The paper “ The Role of Social Media in Political Mobilization” is a brilliant example of a research proposal on media. With the events that took place during the 2011 Arab Spring uprising, social media platforms have been foreshowed as very instrumental in facilitating the revolutions. This research paper will focus on the extent to which activists in Libya, Egypt and Tunisia used social media platforms (Facebook, Twitter, weblogs, and YouTube) as the tools for orchestrating and creating awareness of political movements in the Arab Spring uprising. The discussion will focus on three uprisings (Libya, Egypt, and Tunisia) and aim to demonstrate the dialectical force of social media platforms.
The paper will explain whether the hype on social media as an instrumental platform in organizing and coordinating these revolutions is true. IntroductionThe continuing Arab Spring revolutions have raised a lot of sentiments on the role of social media when it comes to political communication. It is over a decade now that the internet has played a prominent role particularly in diffusing the interest of popular political activists in the Arab world. Some political analysts and academicians have embraced social media appealing that it is one way of bringing democracy into existence (Sheila, 2012).
According to Nicholas Kristof on New York Times said that social media is an effective weapon of disseminating political common interest of the citizens that tend oppose authoritarian leaders in the 21st century where the game is, as government security fire bullets, the protesters on the other side fire ‘ tweets, ’ an interesting play (Daily News Egypt, 2012). Apparently, even before the happening of Arab Springs, the uprising in Iran was also termed as ‘ Twitter revolutions, ’ implying that social played a prominent role in political communications.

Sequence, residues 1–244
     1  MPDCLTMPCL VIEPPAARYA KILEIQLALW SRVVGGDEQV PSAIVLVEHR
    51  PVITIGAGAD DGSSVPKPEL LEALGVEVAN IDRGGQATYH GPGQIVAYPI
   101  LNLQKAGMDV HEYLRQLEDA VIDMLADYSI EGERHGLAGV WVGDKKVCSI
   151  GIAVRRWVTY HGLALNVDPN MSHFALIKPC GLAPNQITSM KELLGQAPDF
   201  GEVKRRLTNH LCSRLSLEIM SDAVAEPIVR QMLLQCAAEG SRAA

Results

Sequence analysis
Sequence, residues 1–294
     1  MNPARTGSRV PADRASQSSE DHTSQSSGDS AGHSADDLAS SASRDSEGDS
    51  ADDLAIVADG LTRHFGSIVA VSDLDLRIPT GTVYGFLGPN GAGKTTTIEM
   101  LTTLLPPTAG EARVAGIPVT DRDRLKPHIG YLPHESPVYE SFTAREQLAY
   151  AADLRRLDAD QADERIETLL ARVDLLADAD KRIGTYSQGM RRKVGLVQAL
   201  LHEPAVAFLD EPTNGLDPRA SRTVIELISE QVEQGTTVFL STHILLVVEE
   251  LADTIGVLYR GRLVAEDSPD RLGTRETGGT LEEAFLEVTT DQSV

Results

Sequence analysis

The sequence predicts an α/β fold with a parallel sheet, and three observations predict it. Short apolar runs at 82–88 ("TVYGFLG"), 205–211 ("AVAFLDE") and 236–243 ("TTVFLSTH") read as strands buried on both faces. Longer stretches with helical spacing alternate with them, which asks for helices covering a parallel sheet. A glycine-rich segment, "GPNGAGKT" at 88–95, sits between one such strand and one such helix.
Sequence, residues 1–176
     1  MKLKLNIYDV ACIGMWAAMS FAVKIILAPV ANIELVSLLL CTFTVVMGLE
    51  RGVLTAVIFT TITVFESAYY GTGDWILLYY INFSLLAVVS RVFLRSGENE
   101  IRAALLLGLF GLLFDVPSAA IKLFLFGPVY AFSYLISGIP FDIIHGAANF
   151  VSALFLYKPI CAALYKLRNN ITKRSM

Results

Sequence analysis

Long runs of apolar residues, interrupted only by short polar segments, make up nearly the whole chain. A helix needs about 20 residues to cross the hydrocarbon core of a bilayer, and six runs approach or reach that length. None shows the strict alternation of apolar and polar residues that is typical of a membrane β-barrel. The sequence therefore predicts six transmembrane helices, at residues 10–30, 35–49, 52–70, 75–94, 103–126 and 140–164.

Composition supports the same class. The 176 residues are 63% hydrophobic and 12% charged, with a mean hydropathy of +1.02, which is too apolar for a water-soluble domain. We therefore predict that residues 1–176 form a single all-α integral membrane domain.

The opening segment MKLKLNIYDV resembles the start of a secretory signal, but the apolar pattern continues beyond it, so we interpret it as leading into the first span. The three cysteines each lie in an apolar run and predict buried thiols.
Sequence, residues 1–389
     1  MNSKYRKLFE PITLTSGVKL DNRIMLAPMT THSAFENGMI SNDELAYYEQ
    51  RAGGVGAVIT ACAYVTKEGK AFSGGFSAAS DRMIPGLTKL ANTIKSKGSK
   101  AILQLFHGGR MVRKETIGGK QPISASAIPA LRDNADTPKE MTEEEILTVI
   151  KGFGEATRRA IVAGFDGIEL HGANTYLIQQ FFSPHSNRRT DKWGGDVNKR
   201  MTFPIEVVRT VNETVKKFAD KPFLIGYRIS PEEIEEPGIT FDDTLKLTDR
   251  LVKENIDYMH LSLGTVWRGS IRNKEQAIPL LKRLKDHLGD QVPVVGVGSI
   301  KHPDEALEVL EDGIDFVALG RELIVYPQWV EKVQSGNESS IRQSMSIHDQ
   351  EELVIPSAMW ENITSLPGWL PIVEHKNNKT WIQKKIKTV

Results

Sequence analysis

According to Daily Brief Service (2012), the 21st century is a tech-savvy generation that take-over authoritarian leaders using digital movements. With the Arab Spring Uprising, it has defined a simplified conclusion on the role of social media when it comes to fostering revolutions. However, this conclusion will depend on some extensive assumptions about the liberal nature of the internet which calls for close scrutiny. The revolutions that were experienced across Arab countries and most parts of North Africa in 2011 are still experienced (Ilhem and Kuebler, 2012, 1433).
For instance, the death of Muammar Kaddafi has recorded in mobile phones as well as the video camera which was then conveyed through the internet. Anyone could access these events around the world through YouTube, and this symbolizes the kind of pundits (journalists) that characterizes social media coverage on the Arab Spring. For the first time in history, the nature of events surrounding the Arab Uprising is sourced from ordinary citizens through Twitter, Facebook, YouTube and blogs, which is radicalizing information more than the mainstream (digital media) (Sheila, 2012). According to the Arab Social Media Report (2011), 90% of Tunisia citizens get news information from social media, as well as 89% of Egyptians.
The state-sponsored media is underused (Tunisian users are 40% and the Egyptian users are 35%) since the rooting of social media in the 21st century. There is an equal noteworthy in Arabs states where at the beginning of 2011, young Facebook users had increased by 75% and the subscribers to newspapers had reduced by 40%. Actually, social media tends to facilitate social movement events which have pronounced to different protest experience in Arabs uprising.
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